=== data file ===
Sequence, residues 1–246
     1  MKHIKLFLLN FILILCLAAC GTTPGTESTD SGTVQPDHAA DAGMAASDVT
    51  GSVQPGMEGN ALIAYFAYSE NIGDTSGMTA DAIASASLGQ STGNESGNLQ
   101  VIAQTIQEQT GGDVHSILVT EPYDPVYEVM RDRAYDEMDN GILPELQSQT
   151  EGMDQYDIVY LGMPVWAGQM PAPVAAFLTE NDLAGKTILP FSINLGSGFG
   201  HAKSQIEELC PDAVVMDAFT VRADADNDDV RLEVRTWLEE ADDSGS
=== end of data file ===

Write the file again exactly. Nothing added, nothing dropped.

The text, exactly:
Sequence, residues 1–246
     1  MKHIKLFLLN FILILCLAAC GTTPGTESTD SGTVQPDHAA DAGMAASDVT
    51  GSVQPGMEGN ALIAYFAYSE NIGDTSGMTA DAIASASLGQ STGNESGNLQ
   101  VIAQTIQEQT GGDVHSILVT EPYDPVYEVM RDRAYDEMDN GILPELQSQT
   151  EGMDQYDIVY LGMPVWAGQM PAPVAAFLTE NDLAGKTILP FSINLGSGFG
   201  HAKSQIEELC PDAVVMDAFT VRADADNDDV RLEVRTWLEE ADDSGS